Brian Ragusin of Mechanical Concept Tattoo on How Tattooing's Artwork Evolved

Brian Ragusin of Mechanical Concept Tattoo on How Tattooing's Artwork Evolved
Courtesy of Brian Ragusin

By some people’s standards, Brian Ragusin is an old-school tattooer. The San Fernando Valley native has been at it for over two decades, spending a good chunk of his career in Santa Clarita before putting in 12 years at Kari Barba’s Outer Limits Tattoo in Long Beach and currently running his Mechanical Concept Tattoo in Huntington Beach. He’s established himself as a respected veteran member of the tattooing community, and he’s willing to take on just about any style or challenge that walks through the doors.

But unlike so many experienced artists who yearn for the days of yesteryear, Ragusin believes tattooing is better than ever. The boom in popularity has caused a surge in the artistic side of slinging ink all over the world, and Mechanical Concept’s owner loves the level of art put into tattoos these days.

“It’s become a lot more accepting for sure, and I think all of the communities are a lot more accepting of seeing things that aren’t just the skull from back in the day or the sailor-type tattoos,” Ragusin says. “A lot of people didn’t like bringing the art into it, but I think a feat for all the artists is just to actually bring something to the table artistically. It’s nice to see people come out of nowhere and lay down these beautiful tattoos. Every artist is going to be inspired by that.”

Brian Ragusin of Mechanical Concept Tattoo on How Tattooing's Artwork EvolvedEXPAND
Courtesy of Brian Ragusin

In Ragusin’s eyes, it’s not that many of the artists back in the ‘90s didn’t want to do big, beautiful tattoos. It’s just that the techniques weren’t widely available yet. Ragusin used to dream of being able to do the same level of artwork in his tattoos that he could draw out on paper, but it’s only been recently that it became a reality.

“Back then, we used to all think of these ideas when we were drawing on paper or something like that, but from where I started, it wasn’t always technically reachable with the tools that I had,” Ragusin says. “You had people like Kari Barba and Jack Rudy showing you that it could be done, and that you could start using your tool as a paintbrush and do any kind of art you’d see.”

Like many artists back in the early ‘90s, Ragusin wasn’t too sure that tattooing was going to be the way he could pay his bills with his artwork for the rest of his life, but he was sure that he wanted to do it. In the time before tattooing was on TV and shops dotted every corner, tattooing wasn’t widely considered to be a great profession, but that never stopped Ragusin’s desire to jump in.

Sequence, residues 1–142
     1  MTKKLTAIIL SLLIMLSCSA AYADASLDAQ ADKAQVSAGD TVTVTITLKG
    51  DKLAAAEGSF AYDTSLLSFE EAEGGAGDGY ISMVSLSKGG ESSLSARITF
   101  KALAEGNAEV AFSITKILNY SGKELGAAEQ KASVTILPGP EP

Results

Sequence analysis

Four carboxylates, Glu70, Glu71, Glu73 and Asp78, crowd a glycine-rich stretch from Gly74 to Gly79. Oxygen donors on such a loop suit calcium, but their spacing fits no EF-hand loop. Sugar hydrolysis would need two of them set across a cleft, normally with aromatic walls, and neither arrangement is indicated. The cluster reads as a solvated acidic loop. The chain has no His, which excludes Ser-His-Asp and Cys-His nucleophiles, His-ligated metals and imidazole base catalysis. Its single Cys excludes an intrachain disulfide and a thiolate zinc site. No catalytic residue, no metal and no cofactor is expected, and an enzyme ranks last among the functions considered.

“I was one of those people who knew I wanted to do it ever since I was six years old and had those Cracker Jack boxes with the temporary tattoos inside,” Ragusin says. “it wasn’t until years later when I met up with a really good friend of mine from school that he jokingly asked me if I wanted to do it for a living.”

Brian Ragusin of Mechanical Concept Tattoo on How Tattooing's Artwork EvolvedEXPAND
Courtesy of Brian Ragusin

Ragusin’s friend wasn’t entirely serious about the proposal, but eventually told the eager artist that he would teach him to tattoo whenever he showed up ready to apprentice. After what amounted to an old school no-nonsense apprenticeship, Ragusin was ready to take on the best (and worst) of tattooing in the decade now famous for tribal armbands and chrome hearts. As he built his skills, portfolio, and clientele at those parlors, Ragusin saw how frequently the staff changed at even the most reputable tattoo shop. Given his preference to build up a family-like relationship with his fellow artists and stay put at a single location for years at a time rather than bouncing around, opening up his own studio with artists he’s become friends with seemed like the best possible option.

Ragusin put that idea into action when he opened Mechanical Concept some years back. To this day, it’s still his professional pride and joy, but the lifelong artist doesn’t always enjoy handling the business side of things.

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“Running a business sucks,” Ragusin says. “I didn’t get into this to run a business, that’s for damn sure. The business side, the paperwork, crossing the t’s and dotting the i’s, it’s never what I want to do. Tattooing is where it’s at, and that’s what gets me past all the other bullshit.”

Mechanical Concept Tattoo, 6027 Warner Ave., Huntington Beach, (714) 841-2161. Instagram: @mechanicalconcepttattoo


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